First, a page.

Real Girl Lifestyle

Calories per exercise: Knowing what you burn

Posted on: June 27, 2010

You might not be shedding as many calories as you think.

Last summer, Time Magazine published a controversial article called, “Why exercise won’t make you thin.” Time seemed to share an outlook similar to Real Girl’s–weight loss can not be achieved via exercise alone. “The basic problem is that while it’s true that exercise burns calories and that you must burn calories to lose weight,” John Cloud wrote. “Exercise has another effect: it can stimulate hunger. That causes us to eat more, which in turn can negate the weight-loss benefits we just accrued. Exercise, in other words, isn’t necessarily helping us lose weight. It may even be making it harder.”

Real Girl is not telling you to avoid exercise. I’m an advanced step class girl myself, seeking out the city’s toughest, hardest step workouts once a week. I should workout more often–I know I should. It would be better for my cardiovascular health and bone density, and I’d have more muscle and flexibility. But I’m thin, and it’s not because I go to the gym like a mad woman. It’s because I know my calories in and my calories out.

We’ve already gone over calculating your Base Metabolic Rate, so you’ll know given your gender, age, and size how many calories you burn per day at rest. Now it’s time to add in your physical activities to get a truer sense of your calorie use per day. Here are two calorie counting tools to help you gauge the energy expenditure from your daily physical activity. This Calories Burned Estimator lists an extraordinary roster of activities. When you enter your weight, you can find out what you burn from doing everything from running or lifting weights to cooking or brushing your teeth to even sex and shopping. Less exhaustive might be the PoHealth Exercise & Activity Calculator, which still covers a remarkable range of physical activities. (I’ll include this one too, since it includes the general “martial arts.”) If you take your BMR and multiply it by 1.2, you can figure in most of the little activities in your day without obsessively checking the calorie estimators. But you definitely want to know what you are burning when you exercise. Like the Time article warns, you can very easily “treat” yourself for exercising by eating more than you burn, or you can overestimate what a tough workout has expended. Although exercise will increase your health and muscle, unless you eat fewer calories than you burn, it will not lead to weight loss.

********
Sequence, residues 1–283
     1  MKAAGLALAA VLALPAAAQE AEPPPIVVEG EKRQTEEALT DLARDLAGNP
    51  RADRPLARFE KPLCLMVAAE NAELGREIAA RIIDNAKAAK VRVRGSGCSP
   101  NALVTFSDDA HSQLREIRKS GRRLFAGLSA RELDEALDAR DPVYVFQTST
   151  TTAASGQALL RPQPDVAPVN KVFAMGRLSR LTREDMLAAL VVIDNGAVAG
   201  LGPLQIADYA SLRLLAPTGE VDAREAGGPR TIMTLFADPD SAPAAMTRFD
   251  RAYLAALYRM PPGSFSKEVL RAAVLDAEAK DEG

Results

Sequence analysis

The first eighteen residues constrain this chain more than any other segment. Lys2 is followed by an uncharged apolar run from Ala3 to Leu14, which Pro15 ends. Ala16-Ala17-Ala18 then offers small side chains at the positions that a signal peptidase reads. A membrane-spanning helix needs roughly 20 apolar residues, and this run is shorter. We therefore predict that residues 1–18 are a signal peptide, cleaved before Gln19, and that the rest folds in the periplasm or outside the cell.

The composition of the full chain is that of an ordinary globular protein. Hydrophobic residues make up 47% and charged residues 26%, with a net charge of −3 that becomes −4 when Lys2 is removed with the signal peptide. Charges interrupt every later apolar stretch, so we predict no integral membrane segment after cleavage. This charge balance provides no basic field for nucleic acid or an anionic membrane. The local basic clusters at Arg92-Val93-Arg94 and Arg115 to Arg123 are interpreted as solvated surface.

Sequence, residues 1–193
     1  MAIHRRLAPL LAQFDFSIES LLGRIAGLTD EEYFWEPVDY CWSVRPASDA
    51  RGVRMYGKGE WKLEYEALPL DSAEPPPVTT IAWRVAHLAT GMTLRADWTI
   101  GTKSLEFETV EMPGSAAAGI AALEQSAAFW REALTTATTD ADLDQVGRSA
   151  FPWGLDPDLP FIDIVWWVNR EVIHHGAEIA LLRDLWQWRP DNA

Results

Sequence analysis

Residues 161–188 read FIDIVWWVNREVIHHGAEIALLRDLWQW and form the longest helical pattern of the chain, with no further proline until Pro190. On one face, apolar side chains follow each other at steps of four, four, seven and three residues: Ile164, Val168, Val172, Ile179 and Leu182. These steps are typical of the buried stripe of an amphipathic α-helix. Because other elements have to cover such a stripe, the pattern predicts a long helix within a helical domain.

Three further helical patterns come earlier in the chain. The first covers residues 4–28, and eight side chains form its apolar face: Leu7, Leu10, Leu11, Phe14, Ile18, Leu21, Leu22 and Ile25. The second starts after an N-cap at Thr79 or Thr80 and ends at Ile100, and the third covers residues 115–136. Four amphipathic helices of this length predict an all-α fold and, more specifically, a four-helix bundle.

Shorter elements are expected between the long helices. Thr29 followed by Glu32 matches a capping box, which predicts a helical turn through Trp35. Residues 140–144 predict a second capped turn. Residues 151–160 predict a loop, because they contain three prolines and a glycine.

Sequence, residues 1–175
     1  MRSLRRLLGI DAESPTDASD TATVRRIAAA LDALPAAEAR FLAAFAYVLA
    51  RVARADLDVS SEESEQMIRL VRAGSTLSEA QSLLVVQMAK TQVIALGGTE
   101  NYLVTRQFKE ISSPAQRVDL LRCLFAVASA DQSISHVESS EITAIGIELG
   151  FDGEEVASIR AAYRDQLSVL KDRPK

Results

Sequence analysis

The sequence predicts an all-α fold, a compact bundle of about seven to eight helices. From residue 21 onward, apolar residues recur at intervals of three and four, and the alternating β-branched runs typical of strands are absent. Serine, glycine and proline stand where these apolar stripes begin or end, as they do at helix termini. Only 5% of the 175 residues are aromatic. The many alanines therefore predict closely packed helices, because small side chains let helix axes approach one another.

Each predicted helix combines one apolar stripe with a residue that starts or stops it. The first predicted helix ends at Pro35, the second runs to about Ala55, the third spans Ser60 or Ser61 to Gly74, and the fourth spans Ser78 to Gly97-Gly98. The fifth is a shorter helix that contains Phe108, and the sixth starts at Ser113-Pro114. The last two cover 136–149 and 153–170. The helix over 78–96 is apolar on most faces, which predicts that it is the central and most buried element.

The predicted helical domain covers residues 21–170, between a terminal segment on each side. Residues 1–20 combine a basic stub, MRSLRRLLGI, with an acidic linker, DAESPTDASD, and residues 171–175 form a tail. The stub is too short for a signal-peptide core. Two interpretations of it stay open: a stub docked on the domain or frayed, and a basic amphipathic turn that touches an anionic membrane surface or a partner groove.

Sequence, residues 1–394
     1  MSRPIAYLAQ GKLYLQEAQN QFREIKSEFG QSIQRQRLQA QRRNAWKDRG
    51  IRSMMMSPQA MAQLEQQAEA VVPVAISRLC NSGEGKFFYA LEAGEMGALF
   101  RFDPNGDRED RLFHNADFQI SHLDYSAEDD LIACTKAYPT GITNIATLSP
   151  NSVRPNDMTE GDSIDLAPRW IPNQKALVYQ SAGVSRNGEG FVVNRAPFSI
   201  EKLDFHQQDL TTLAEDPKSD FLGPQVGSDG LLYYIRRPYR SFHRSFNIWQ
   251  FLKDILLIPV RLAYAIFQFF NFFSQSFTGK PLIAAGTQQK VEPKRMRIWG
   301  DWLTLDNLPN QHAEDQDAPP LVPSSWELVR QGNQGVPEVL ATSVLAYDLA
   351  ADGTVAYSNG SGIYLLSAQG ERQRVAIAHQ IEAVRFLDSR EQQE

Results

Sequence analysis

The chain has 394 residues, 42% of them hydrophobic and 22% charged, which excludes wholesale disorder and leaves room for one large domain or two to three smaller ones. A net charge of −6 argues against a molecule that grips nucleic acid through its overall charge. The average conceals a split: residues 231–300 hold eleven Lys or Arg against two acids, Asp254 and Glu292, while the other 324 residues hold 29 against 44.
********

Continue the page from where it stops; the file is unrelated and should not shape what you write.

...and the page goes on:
Which leads us to some basic math. If you want to lose weight, eat fewer calories than the sum of your BMR + physical activity. If your BMR is 1350, say, and you exercise enough to burn 300 calories a day, then your daily calorie expenditure will be approximately (1350 x 1.2) + 300 = 1920 calories. One pound equals approximately 3,500 calories. So in that situation, if you eat 1,500 calories a day while continuing to exercise that much, you will lose 1 pound in approximately 8.33 days.

Real Girl’s secret to weight loss is really only that: Math, careful attention, and being realistic about what exercise can do for your waistline. Let those physical activity calorie estimators help you calculate what you need to do to lose weight while you’re getting fit.

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